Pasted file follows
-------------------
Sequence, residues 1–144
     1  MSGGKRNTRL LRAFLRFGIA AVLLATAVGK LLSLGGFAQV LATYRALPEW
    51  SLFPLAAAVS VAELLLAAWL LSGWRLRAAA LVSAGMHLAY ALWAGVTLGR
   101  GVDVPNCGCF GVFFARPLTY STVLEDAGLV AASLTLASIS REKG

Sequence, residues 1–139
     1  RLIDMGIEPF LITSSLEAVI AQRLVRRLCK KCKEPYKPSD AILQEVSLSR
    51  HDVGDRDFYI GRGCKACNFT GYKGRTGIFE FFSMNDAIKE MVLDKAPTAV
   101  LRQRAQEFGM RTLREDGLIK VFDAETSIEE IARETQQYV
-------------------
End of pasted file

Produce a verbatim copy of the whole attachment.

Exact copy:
Sequence, residues 1–144
     1  MSGGKRNTRL LRAFLRFGIA AVLLATAVGK LLSLGGFAQV LATYRALPEW
    51  SLFPLAAAVS VAELLLAAWL LSGWRLRAAA LVSAGMHLAY ALWAGVTLGR
   101  GVDVPNCGCF GVFFARPLTY STVLEDAGLV AASLTLASIS REKG

Sequence, residues 1–139
     1  RLIDMGIEPF LITSSLEAVI AQRLVRRLCK KCKEPYKPSD AILQEVSLSR
    51  HDVGDRDFYI GRGCKACNFT GYKGRTGIFE FFSMNDAIKE MVLDKAPTAV
   101  LRQRAQEFGM RTLREDGLIK VFDAETSIEE IARETQQYV